Although probably partly based on fact as we have already appreciated, the general absence of accuracy and detail in the biblical story of the flood would appear to signal an inner meaning. For instance, the dimensions of the ark are uncertain, and these depend upon the interpretation of the length of the ancient cubit. The accepted standard length, nevertheless, is that of twenty-one inches, in which case, Noah’s ark would have measured 87 feet in width, 52 feet in height, and 525 feet in length. Evidently, this would have made it an incondite and sea unworthy vessel. Furthermore, how God could expect poor Noah to move hell and high water in order to reach distant lands and there capture polar bears, kangaroos, and elephants -to name but three continentally distanced animals- and to then, upon his return, herd these into such a confined area, commands no credence whatsoever. The fowl employed by Noah raise further suspicion. One inaccuracy involves the raven, the first of the birds released by Noah and commonly used by ancient sailors for shore-sighting purposes. It is thus surprising to read that the bird is released once the mountains have become visible. Moreover, the tale’s olive branch and dove are deliberately representative of peace. We should note that this particular symbolism first emerged in Phoenicia only to be adopted as such in Greece well after the biblical date for Noah’s epic. Olive trees, in any case, have never been known to grow on the top of Ararat, a 17,000 feet-high mountain range that has been covered in snow for more than 100,000 years. Incidentally, the migrant turtle-dove would later become emblematic in Israel, not of faithfulness and peace as in these two other nations, but of the roving nature of the Ishmaelites and Edomites. The raven -one other bird used in the story- is universally known for its scavenging activities. This bird gathers and salvages what is still edible from death and destruction, and this may well be why according to kabbalists, the Flood raven represents the Spiritual Reformer, that is to say, the Moses and Elias of the Old Testament, both in effect, reforming the way for the Messiah’s arrival. As for the story’s dove, it eventually flies for the fourth and last time, and finding peace on Earth decides not to make a return. Again, and as far as kabbalists are concerned, this refers to the Messiah’s last coming at the onset of the “Final Age.” Another discordant element takes us to God’s covenant with Noah. To commemorate this event and His benevolence, the Jewish deity had introduced the rainbow which according to the account, no-one had ever witnessed before. As we all know, the rainbow is the result of the doubly refracted sun rays passing through drops of water in the air, the reflection of which is seen by the human optical nerves in the form of a brilliant arch of prismatic colours. So, if there had been no rainbow before the Covenant was sealed, it gathers that there could not have been a deluge, for instance, or in fact a people to drown in it in the first place. Moreover, the claim that the present kingdom animalia, including the homo-sapiens (from the Latin for ‘man the wise’) dispersed throughout the world is descended from Noah’s family and the uprooted beasts, is clearly nonsensical, this being both genetically and demographically impossible, especially when we consider that according to accepted Bible chronology, Noah lived a mere 4000 years ago. Given the erudition of the Old Testament authors, it is certain that these inaccuracies are deliberate. Where and how then, does prophetic allegory come in?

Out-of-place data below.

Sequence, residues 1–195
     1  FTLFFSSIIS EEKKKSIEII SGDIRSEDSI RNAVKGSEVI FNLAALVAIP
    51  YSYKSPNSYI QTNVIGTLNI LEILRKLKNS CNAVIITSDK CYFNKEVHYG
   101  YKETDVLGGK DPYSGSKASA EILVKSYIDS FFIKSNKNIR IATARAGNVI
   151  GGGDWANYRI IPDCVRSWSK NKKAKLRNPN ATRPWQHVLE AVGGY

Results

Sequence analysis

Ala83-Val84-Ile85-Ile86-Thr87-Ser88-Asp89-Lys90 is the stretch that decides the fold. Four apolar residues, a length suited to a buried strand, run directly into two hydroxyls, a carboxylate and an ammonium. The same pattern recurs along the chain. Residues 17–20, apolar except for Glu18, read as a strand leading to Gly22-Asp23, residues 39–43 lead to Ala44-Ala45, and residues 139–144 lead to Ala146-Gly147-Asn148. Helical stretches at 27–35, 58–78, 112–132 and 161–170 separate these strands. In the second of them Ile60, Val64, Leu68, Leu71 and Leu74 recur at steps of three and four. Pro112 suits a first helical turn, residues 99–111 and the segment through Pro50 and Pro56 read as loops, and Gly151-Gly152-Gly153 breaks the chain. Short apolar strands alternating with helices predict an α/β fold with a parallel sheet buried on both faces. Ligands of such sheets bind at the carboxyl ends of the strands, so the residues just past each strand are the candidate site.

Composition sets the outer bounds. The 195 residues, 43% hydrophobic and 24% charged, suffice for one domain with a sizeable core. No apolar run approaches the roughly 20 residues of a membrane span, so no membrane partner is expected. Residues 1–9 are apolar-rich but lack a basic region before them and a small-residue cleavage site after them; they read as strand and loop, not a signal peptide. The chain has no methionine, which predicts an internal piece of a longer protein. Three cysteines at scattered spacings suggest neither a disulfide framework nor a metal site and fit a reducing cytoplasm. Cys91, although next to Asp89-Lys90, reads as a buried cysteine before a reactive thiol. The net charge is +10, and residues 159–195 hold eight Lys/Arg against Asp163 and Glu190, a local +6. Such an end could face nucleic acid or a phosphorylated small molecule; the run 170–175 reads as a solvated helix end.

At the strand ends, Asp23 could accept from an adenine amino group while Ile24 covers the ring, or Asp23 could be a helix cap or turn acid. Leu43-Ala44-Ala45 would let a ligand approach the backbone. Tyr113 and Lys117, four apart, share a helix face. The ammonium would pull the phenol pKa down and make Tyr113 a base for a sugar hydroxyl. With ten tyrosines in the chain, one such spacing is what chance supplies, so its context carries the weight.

In 1 Corinthians 10:11, we read: “All of these things that happened to them (Noah and Moses) were symbolic, and were recorded for our benefit as a warning.” The Kabbalah, which comprises the Jewish Sohar, the Midrash Berasheth, or the universal Genesis and the Merkaba, also teaches that “Noah is a revolution of Adam, as Moses is himself a revolution of Abel and Seth.” Also about Noah, the anti-Christian Talmud recognizes that he was the Dove, thus identifying him further with the Indian and Chaldean Nuah, or ‘Dove’ and, therefore, with the Messianic Spirit.